Longings for the Soviet past in eastern Ukraine: “Nothing was easy, but we had peace”
Maria R. Sahuquillo (Kramatorsk)
In an almost ghostly Kramatorsk —considered the military capital of the Donbas region—, the monument in honor of the fallen in World War II and the memorial of the eternal flame has received a handful of spaced visits. Some are afraid of the bombing and the escalation of the war launched by Russia on a day that many have seen as a turning point and escalation of the battles. But in a depressed region, badly battered by war since 2014 and where the kyiv government does not have an ardent majority of supporters among those who have stayed, some visitors are also wary that there will be no big celebrations.
Katia and Andrei, who have come to lay flowers in memory of two of their grandparents, who fought in the Red Army. “It is sad and uncomfortable to see how some are now trying to rewrite history,” says the woman. However, for the couple, talking about Russia’s war against Ukraine is a taboo subject.
For Leonid, a 65-year-old pensioner, both the Ukrainian government and the Russian president “lie”. He carries a photograph of his father, Ivan, who fought against Nazism. “Putin and Zelensky should have had a cool head to negotiate,” he laments. He misses Soviet times, he says. “Nothing was easy, but we had peace. We were together like brothers”, he affirms before placing a bouquet of flowers on the grave of his father.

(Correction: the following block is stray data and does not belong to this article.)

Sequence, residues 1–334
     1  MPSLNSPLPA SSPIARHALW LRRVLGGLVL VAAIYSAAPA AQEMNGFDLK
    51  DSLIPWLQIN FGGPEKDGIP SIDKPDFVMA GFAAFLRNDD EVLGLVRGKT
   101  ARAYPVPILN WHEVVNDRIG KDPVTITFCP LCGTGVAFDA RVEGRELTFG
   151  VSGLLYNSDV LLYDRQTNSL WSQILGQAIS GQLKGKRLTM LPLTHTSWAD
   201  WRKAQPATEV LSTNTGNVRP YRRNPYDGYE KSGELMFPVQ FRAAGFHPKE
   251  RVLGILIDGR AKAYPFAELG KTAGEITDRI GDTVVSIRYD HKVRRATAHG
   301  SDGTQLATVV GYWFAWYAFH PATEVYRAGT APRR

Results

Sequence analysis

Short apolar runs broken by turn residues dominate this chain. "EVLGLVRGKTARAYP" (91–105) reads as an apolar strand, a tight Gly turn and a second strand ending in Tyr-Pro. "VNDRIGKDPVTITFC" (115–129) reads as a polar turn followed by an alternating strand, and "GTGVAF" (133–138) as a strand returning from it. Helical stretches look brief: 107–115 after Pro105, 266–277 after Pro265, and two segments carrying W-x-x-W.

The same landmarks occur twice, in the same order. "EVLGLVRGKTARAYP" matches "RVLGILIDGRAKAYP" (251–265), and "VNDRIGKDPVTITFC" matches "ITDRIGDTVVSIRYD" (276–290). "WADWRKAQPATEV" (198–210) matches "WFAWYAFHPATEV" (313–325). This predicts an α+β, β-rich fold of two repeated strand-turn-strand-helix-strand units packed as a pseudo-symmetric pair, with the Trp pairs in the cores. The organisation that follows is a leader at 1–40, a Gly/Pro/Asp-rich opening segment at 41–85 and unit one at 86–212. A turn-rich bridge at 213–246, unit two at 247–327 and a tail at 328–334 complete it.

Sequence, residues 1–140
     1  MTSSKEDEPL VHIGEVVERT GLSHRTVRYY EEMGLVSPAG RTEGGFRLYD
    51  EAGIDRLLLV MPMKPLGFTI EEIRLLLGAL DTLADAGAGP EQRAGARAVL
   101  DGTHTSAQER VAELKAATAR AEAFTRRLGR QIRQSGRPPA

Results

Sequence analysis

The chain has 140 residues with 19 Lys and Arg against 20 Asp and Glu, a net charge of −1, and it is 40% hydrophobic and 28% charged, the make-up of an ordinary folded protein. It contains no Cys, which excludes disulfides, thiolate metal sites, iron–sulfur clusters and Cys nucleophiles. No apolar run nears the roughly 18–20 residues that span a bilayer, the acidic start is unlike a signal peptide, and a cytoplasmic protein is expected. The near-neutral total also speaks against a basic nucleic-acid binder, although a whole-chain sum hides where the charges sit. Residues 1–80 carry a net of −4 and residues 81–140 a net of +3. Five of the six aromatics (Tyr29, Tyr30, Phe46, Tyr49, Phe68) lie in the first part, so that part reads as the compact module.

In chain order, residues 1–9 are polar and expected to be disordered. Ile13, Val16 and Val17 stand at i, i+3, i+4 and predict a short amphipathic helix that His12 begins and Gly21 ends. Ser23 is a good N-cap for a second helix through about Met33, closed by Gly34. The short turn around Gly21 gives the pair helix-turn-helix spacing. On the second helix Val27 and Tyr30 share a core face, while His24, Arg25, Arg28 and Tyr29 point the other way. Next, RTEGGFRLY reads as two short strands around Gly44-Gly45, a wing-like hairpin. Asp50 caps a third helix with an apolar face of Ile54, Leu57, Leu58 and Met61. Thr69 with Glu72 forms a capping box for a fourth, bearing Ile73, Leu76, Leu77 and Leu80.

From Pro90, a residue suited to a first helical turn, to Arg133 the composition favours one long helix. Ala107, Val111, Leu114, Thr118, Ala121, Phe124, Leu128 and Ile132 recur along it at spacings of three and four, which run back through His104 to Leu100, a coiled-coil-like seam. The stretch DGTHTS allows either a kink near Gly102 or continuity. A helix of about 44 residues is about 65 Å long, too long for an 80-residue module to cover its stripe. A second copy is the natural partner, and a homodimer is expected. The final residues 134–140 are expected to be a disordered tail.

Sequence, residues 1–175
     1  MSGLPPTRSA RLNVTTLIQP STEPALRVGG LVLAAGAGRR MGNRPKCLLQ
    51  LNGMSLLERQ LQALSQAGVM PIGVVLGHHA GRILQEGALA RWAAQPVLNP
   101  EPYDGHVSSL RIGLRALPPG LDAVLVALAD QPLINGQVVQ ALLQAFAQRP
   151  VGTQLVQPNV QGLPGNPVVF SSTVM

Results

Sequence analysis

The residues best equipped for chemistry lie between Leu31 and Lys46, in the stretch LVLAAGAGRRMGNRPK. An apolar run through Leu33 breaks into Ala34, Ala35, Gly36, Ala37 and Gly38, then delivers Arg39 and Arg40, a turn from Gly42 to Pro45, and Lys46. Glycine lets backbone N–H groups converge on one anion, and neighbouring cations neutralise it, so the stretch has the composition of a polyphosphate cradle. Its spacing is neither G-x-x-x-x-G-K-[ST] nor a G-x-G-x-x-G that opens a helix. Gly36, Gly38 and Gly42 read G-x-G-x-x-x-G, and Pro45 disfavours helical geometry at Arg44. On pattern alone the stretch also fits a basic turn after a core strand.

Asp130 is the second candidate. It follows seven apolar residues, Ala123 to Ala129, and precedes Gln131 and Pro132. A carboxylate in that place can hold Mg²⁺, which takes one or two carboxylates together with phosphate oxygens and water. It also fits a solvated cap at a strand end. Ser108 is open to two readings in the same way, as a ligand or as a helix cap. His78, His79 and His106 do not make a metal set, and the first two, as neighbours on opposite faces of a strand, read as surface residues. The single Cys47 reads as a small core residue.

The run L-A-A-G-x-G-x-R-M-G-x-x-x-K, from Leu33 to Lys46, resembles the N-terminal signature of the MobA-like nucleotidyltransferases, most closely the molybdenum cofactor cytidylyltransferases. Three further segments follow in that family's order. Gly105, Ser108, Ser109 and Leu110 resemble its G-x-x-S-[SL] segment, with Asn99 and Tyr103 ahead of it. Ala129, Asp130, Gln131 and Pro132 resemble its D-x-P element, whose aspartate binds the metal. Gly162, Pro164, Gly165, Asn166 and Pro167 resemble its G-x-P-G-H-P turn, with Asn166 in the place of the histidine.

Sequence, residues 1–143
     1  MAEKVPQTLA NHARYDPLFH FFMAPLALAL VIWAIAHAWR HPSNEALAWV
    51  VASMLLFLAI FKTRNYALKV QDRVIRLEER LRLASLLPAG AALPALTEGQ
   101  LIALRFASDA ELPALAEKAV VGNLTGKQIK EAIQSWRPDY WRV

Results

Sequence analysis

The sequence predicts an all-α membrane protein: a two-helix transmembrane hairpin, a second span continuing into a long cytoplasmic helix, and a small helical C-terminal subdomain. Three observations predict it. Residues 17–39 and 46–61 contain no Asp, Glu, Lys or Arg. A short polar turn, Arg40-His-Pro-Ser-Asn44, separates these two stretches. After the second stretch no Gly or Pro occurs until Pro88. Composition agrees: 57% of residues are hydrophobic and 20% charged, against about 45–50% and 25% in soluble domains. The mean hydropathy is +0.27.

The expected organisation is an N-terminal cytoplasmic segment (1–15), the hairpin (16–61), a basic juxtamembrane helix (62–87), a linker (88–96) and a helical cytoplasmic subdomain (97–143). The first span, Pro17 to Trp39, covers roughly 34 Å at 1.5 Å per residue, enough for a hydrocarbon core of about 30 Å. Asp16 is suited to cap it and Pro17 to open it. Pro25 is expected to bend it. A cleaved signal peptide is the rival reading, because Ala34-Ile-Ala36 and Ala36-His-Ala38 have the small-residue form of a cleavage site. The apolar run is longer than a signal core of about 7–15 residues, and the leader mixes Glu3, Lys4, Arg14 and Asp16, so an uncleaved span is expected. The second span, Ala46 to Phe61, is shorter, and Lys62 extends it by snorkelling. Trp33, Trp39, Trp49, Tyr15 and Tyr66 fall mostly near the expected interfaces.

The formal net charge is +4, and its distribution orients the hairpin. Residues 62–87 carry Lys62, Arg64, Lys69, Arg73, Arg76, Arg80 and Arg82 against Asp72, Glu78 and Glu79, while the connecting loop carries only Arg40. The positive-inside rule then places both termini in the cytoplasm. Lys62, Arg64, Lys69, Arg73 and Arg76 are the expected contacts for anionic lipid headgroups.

Leonid is not particularly scared by the noise of the explosions that have resounded loudly throughout the Kramatorsk and Sloviansk area on Monday. Russian forces are pushing hard from the north and east to push into Donbas, the main focus of the second phase of what Vladimir Putin calls a “special military operation.” This Monday, in his Victory Day speech, the Russian leader spoke of the Donbas area (which includes the Donetsk and Lugansk regions, part controlled by the Kremlin through the pro-Russian separatists), and announced that soldiers who had come directly from the area were parading in Moscow’s Red Square.
The Kremlin is cracking down on eastern Ukraine and after weeks of minimal gains it is seizing territory in the Luhansk region, where it has intensified bombing. On Saturday night, some 60 people were trapped under the rubble of a school in Bilohorivka, in the cellars of what was already the last shelter in an almost empty town. Russian troops are now fighting there street to street and the Ukrainian authorities have been unable to launch a rescue operation. No sign of survivors. The Ukrainian president, Volodímir Zelenski, assumed on Sunday night that they had died.
Exclusive content for subscribers
read without limits